Koufax’s SABR bio by Marc Z. Aaron is at: https://sabr.org/bioproj/person/e463317c
From 1961 to 1966, he had five head-to-head match-ups with St. Louis’ Bob Gibson. Koufax was 3-1, 0.92 ERA, with three SHO. In 1965, he broke Rube Waddell’s single-season big-league strikeout record (349) set in 1904. Koufax, a 1972 Cooperstown Inductee, achieved:
- W-L PCT of .655, 40 shutouts, and ten 1-0 victories.
- Four no-hitters, two one-hitters, eight two-hitters, and 17 three-hitters.
- 9.28 strikeouts/nine innings and eight regular-season games with 15 or more strikeouts.
- Opponents’ batting average of .205 and 6.79 hits allowed per nine innings.
Dick Tracewski, his Dodgers roommate (1962-65), noted that Koufax was a “real gentleman, very polite, careful and not mean-spirited.” Koufax hit 18 batters in 12 NL seasons. Héctor Valle, the first catcher from Puerto Rico to play in a National League game (1965 Dodgers), mentioned his biggest big-league thrill was catching Koufax in a game at Philadelphia. “They rested Roseboro after Los Angeles had a 7-1 lead,” said Valle. “Koufax told me his Caguas experience was pleasant and good for his career. He is a very nice person.” Table III compares Koufax’s career stats to the other 25-win, 300-strikeout pitchers.
Table III: Career Regular Season Pitching Records, 25-win, 300-strikeouts club
#All-time post-1900 record.
He was a Louisville Colonels (1897 and 1899) and Pittsburgh Pirates (1900-1901) teammate of Honus Wagner. Waddell led the NL with a 2.37 ERA in 1900. His best season was for the 1905 Philadelphia A’s (27-10, AL league-leading 1.48 ERA, 287 strikeouts), but he did not pitch in the 1905 World Series. Speculation includes gamblers’ questionable injury and efforts to keep him from throwing. He fanned 302 in 1903, with a 21-16 W-L mark, before 25 wins and 349 strikeouts for the 1904 A’s. His most famous game was a 20-inning CG versus Cy Young and the Boston Americans, Game Two, July 4, 1905, double-header. Erik Strohle, National Baseball Hall of Fame and Museum, detailed this game at https://baseballhall.org/discover-more/stories/short-stops/a-game-for-the-ages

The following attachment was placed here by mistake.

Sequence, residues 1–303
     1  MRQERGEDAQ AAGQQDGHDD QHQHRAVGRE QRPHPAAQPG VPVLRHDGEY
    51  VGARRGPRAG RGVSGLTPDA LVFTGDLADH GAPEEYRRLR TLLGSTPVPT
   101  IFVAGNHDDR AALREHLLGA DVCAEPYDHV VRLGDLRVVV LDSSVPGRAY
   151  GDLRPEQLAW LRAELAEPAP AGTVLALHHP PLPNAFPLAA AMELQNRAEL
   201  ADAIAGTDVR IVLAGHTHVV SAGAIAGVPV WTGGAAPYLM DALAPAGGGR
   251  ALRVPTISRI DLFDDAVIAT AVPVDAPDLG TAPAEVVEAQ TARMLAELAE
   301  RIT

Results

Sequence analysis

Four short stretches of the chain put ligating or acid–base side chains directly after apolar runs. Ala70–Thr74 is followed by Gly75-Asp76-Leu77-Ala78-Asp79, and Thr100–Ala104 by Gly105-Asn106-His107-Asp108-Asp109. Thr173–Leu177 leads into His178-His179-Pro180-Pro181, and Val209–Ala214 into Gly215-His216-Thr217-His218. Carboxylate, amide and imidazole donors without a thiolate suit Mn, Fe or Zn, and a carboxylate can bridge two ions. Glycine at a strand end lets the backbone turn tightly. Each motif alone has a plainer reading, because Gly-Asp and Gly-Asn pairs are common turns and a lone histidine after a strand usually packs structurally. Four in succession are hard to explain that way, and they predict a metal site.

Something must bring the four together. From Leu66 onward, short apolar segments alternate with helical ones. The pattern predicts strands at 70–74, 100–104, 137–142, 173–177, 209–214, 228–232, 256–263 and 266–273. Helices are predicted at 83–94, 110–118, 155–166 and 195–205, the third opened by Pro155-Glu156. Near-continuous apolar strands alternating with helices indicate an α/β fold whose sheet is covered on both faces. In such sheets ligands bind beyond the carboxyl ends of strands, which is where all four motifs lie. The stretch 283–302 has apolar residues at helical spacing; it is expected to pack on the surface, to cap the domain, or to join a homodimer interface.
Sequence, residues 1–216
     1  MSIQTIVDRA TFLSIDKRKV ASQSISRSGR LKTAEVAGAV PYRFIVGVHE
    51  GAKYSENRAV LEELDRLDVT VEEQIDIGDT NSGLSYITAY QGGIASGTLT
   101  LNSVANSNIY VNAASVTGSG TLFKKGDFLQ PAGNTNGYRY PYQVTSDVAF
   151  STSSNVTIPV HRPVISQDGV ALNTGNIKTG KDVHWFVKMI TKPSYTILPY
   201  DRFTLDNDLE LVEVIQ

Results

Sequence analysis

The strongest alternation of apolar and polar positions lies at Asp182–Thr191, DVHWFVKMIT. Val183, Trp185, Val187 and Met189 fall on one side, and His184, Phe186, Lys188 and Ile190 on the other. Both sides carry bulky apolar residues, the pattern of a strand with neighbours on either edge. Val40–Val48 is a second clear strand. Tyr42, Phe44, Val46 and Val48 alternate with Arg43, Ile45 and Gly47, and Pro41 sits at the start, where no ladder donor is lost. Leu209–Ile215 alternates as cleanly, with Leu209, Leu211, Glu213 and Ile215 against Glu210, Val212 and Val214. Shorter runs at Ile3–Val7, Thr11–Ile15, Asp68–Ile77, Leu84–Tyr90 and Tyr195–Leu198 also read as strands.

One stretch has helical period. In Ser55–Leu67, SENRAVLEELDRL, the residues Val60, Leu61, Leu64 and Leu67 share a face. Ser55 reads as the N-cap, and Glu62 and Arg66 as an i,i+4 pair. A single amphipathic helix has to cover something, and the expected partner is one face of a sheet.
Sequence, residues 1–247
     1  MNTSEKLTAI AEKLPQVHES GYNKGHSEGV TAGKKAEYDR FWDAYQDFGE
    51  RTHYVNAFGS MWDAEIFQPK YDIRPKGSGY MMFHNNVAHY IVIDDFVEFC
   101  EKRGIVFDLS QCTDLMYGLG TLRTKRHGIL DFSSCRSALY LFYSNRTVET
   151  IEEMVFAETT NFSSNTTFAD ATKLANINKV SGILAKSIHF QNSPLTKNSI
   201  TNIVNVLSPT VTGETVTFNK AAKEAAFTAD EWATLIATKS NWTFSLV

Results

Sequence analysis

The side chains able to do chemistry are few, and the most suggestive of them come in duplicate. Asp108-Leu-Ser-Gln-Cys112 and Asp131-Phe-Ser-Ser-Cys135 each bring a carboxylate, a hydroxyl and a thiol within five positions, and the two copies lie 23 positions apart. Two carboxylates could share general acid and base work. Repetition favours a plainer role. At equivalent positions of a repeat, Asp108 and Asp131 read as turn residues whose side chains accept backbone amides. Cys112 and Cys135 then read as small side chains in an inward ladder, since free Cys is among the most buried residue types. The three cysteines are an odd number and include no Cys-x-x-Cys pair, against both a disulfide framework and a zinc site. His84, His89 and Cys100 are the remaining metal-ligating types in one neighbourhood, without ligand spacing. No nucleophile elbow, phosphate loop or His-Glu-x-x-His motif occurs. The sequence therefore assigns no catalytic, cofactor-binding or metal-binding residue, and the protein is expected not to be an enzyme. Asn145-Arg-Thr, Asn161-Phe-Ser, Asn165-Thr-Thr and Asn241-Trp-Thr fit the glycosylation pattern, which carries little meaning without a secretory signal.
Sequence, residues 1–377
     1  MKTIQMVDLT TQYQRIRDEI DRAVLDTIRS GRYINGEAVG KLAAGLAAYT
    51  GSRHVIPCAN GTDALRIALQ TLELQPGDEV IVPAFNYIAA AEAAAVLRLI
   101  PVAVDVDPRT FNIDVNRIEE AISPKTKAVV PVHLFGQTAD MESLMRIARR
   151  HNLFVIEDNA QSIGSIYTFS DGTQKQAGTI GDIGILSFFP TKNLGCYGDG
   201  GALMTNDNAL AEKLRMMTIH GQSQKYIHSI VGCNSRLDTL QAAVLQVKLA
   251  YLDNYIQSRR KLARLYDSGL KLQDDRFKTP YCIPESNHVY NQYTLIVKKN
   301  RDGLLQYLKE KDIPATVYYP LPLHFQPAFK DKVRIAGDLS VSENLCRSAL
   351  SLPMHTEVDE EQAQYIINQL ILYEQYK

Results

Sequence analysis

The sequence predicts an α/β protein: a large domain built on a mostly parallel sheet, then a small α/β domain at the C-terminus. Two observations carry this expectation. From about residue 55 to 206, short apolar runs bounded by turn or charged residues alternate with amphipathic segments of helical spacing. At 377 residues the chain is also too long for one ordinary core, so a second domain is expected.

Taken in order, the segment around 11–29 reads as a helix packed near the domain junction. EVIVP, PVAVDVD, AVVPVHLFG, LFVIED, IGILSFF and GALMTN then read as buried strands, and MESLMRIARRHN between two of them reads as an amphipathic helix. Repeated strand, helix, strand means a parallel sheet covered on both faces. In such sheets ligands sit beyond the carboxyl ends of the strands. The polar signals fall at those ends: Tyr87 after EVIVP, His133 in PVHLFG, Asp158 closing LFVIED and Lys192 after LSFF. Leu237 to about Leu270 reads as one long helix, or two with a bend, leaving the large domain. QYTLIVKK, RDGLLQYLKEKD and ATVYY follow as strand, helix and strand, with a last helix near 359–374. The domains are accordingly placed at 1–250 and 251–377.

In-Game One, Waddell preserved a 5-2 A’s win by getting two ninth-inning outs. He allowed two first-inning runs, in Game Two, before hurling 19 straight scoreless innings in a 4-2 victory. In the top of the 20th, Waddell hit a grounder to short, with the bases loaded, which was misplayed. The A’s got an insurance run, and Waddell finished inducing two pop-ups. He performed cartwheels around the mound to celebrate! Waddell’s 20-inning, three-hour-and-31 minute CG stats compared to Cy Young included:
- Waddell (16-4)—15 hits allowed, 79 batters faced, 11 strikeouts, and four walks
- Young (7-10)—12 hits allowed, 75 batters faced, nine strikeouts, and zero walks.
Young noted that “it was the greatest game he had ever participated and the greatest performance either of us has ever shown.” On May 8, 1904, Young bested Waddell, 3-0, with the first perfect game of the modern era. Waddell made the last out. https://www.baseball-reference.com/boxes/BOS/BOS190507042.shtml Walter Johnson, as written in the 2021 National Baseball Hall of Fame and Museum Yearbook, said: “[Waddell] had more sheer pitching ability than any man I ever saw.” Waddell was enshrined posthumously in Cooperstown (1946), the same year a historic barnstorming tour took place.
Bob Feller and 1946 Barnstorming Tour versus Satchel Paige All-Stars
Feller, in September 1946, was within “striking distance” of Waddell’s 349 strikeouts. He frequently pitched the final month but fell short, with 348 strikeouts. His 26 wins were one more than Waddell’s 25 in 1904. Feller had other thoughts on his mind, per Bill Francis, Writing Specialist and Senior Researcher, National Baseball Hall of Fame. https://baseballhall.org/discover/feller-paige-teamed-up-for-1946-barnstorming-tour Francis superbly documented Feller’s idea/initiative and carried out an unprecedented 27-day, 32-city tour, covering 17 states and British Columbia, via two chartered airplanes.